I actually finished the book a couple days ago. I needed time to think about how to review this. Besides what I said above I just couldn’t decide. If you want to know more about the book go read the reviews on GoodReads. Many just write out the story themselves. Why bother with reading it with all that information? I don’t like to include blurbs about the books I read. I figure there are plenty of those out there. My review is to tell future me what I thought and possible current events or life events and how they might have influenced my feelings. If that helps others, I am glad. So for my future self: remember when they separated babies from parents because of a need to get rid of illegal immigrants? How many of them were seeking asylum from life similar to what the characters in this book were living with? I have friends who lived through being held up by guerrillas. I don’t believe that these people are taking away our jobs. Watch how the costs of foods go up as citizens take back the farming jobs. Just saying.

Anyway, this book was well written, at times even poetic. It kept me up as I couldn’t leave the characters when it was well past time to sleep. I think everyone should read this book. Even if it doesn’t change your point of view, it could help educate on the history and peoples of South America. And if it feels factual, like a true story, know that the author did live through a lot of what the book tells about. The girls playing with injured Barbies. The dreams of the girl’s leg with sock and shoe that the main character saw on TV news minus a child’s body. These are just a couple incidences that felt too real to be fiction.

When I rate a book with five stars I know that I will remember it. It affected me deeply.

I’m so happy that NetGalley had it for me to read for review.

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The Girl on the TrainThe Girl on the Train by Paula Hawkins
My rating: 4 of 5 stars

This audiobook (CD) was in the put-away-bag at the library and I couldn’t resist. I knew it was a fairly recent movie so I couldn’t wait to try it out.

Ah, but I wasn’t crazy for it. You would think it would do it for me. I used to take the train to work every day. I know how that imagination can take you places the train doesn’t. In fact, riding the train was how I wrote my first book. So that part of the first character grabbed me. That she had stories in her head about the people she saw in the homes she passed made her an interesting character to me. But somehow I mostly didn’t like her.

It was when the next character voice came in that I perked up my ears. Her voice reminded me of Gilly, Sam’s crush on Game of Thrones. I guess it is just her accent but having that familiar voice had me listening more closely. And I did like this character.

About the time I got into the story my CD player gave up. I ended up using my credit on Audible to get the audio onto my Kindle. That worked out better.

It has been over a week since I finished this book. Lots of life has happened since. So my memories are eroding. Still, I remember how I stayed up until 3 the last part of the book. It was well written and kept me interested.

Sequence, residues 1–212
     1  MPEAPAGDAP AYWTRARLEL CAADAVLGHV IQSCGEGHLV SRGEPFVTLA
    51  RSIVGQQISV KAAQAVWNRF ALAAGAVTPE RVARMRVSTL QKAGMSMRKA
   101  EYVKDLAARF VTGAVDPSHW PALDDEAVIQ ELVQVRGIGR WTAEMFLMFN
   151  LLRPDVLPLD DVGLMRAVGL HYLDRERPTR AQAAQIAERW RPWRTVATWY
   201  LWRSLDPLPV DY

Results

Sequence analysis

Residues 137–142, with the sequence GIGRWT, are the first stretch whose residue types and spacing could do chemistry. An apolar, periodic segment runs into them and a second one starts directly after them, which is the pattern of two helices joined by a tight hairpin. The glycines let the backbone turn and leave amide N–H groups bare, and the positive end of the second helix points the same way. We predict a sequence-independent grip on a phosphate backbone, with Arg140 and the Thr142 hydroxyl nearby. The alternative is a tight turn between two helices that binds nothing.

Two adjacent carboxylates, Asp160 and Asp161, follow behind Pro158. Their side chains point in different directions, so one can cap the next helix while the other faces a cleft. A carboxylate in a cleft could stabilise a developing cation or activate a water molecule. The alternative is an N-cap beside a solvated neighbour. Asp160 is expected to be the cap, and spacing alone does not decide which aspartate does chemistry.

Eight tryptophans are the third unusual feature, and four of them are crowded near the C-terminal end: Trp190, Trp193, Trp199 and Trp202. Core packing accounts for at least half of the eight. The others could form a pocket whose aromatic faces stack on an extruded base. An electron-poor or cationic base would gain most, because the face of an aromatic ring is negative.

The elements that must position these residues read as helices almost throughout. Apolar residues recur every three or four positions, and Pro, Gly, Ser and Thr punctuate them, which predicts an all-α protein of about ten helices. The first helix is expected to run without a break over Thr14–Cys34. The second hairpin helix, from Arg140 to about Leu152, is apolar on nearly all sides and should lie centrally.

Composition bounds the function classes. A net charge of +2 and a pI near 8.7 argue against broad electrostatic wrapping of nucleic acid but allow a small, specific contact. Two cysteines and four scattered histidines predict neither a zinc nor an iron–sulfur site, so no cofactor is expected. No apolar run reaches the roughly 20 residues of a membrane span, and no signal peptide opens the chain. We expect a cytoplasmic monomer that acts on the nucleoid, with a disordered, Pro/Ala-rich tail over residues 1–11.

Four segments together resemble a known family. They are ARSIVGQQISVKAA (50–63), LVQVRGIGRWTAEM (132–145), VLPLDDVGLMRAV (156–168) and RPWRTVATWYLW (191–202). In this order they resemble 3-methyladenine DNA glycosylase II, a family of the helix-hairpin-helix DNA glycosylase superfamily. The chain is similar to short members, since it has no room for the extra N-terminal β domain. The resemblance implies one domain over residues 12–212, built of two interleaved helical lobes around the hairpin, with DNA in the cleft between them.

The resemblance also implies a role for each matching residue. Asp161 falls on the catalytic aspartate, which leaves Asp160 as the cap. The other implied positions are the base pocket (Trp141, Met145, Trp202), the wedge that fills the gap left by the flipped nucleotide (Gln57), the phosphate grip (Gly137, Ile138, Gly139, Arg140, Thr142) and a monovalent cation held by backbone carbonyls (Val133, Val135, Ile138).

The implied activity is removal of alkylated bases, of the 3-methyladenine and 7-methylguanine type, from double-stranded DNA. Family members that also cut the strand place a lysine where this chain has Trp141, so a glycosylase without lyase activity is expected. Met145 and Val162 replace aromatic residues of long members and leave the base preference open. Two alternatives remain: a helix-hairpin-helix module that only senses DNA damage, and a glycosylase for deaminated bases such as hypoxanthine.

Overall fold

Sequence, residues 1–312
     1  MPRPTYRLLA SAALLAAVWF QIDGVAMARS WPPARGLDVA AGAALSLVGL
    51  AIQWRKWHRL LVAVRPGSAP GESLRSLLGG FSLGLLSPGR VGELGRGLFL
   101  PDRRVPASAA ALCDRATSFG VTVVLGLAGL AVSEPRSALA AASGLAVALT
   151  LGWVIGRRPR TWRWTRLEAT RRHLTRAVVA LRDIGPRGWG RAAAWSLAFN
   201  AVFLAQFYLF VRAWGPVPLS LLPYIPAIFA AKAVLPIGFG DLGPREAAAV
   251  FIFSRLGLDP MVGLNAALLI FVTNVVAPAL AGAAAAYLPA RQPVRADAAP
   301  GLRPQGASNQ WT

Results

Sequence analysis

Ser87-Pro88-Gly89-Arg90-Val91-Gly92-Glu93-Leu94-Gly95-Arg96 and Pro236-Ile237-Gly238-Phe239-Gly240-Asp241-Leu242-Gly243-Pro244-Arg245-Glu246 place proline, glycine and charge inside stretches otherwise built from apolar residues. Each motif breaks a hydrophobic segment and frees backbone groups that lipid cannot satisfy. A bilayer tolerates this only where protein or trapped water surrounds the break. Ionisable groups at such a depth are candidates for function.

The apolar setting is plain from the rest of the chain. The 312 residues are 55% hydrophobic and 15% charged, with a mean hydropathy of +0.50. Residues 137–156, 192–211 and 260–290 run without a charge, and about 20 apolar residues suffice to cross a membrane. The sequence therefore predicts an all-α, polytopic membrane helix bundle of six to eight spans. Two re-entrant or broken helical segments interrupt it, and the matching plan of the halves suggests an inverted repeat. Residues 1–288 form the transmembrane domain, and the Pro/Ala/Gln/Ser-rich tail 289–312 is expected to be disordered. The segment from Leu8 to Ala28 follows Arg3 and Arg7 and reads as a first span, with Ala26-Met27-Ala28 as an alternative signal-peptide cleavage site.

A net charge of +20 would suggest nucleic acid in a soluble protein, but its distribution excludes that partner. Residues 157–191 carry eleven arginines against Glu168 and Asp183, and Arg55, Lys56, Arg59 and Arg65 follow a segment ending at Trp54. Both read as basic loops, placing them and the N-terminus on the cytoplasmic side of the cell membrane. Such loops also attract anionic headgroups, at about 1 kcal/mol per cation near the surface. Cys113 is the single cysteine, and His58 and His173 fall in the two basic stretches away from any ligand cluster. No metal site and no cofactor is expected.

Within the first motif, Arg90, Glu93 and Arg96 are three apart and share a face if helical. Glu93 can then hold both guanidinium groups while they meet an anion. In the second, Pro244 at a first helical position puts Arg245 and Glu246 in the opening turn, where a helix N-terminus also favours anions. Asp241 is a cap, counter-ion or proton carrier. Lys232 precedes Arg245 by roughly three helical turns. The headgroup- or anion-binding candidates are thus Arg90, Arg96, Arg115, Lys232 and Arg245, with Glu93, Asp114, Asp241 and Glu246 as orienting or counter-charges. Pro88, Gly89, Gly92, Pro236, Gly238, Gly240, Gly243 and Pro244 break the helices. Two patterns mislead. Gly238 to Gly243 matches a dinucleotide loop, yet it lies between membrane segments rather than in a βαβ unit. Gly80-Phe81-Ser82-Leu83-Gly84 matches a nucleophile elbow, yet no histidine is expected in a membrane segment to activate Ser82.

The narrators: Clare Corbett, Louise Brealey, India Fisher were fantastic and different enough to keep me from getting the characters confused.

As the librarian had warned me, don’t read the last bit at night before sleep it is a thriller and it will keep you awake. Still, it was a good read. I’m glad I read it.

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AffinityAffinity by Sarah Waters

My rating: 5 of 5 stars

I didn’t actually read the book but rather listened to the Audible version of the book. Juanita McMahon (Narrator) added her talents to the story so well-written by Sarah Waters. Both the story and the actor made this a wonderful experience.

What can I say that won’t spoil the adventure of the moment by moment read? I can’t seem to come up with anything! I went to look at the blurb and I think even that spoils it. Just know that the main character draws you in and you get curious to see what happens next. Her questions become the reader’s questions and you can only hope for the best and dread anything less.

I wish the ending would have been with the main character stronger from her experiences and then a book two for us to follow her travels. I don’t think that is a spoiler as that is me rewriting the ending. Come back to my review when you finish to tell me if you agree or not.

If you get the chance to read or listen to this book I think you will enjoy it,

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Imagine Me GoneImagine Me Gone by Adam Haslett

My rating: 2 of 5 stars

A few days ago I came to the conclusion that I couldn’t finish this book. I just couldn’t like the characters or the story. What parts I related to were triggers of my own upbringing and depressions. I figured this wasn’t a good book for me.

After looking at the reviews and realizing a friend had recommended to me, I decided to stick it out. I must admit that the book got a little better but still was not one I will remember in the future. I would normally give this book a single star, but I do think the subject matter needs to be shared with others that may not have had the opportunity to learn about it first hand. And explore why the treatment of depression and other mental health issues don’t get looked at is because many think the patients are needy, attention-getters or otherwise diminish the pain the person is going through. The author gives us a couple glimpses into the minds of severe depression. So I raised the star rating by one.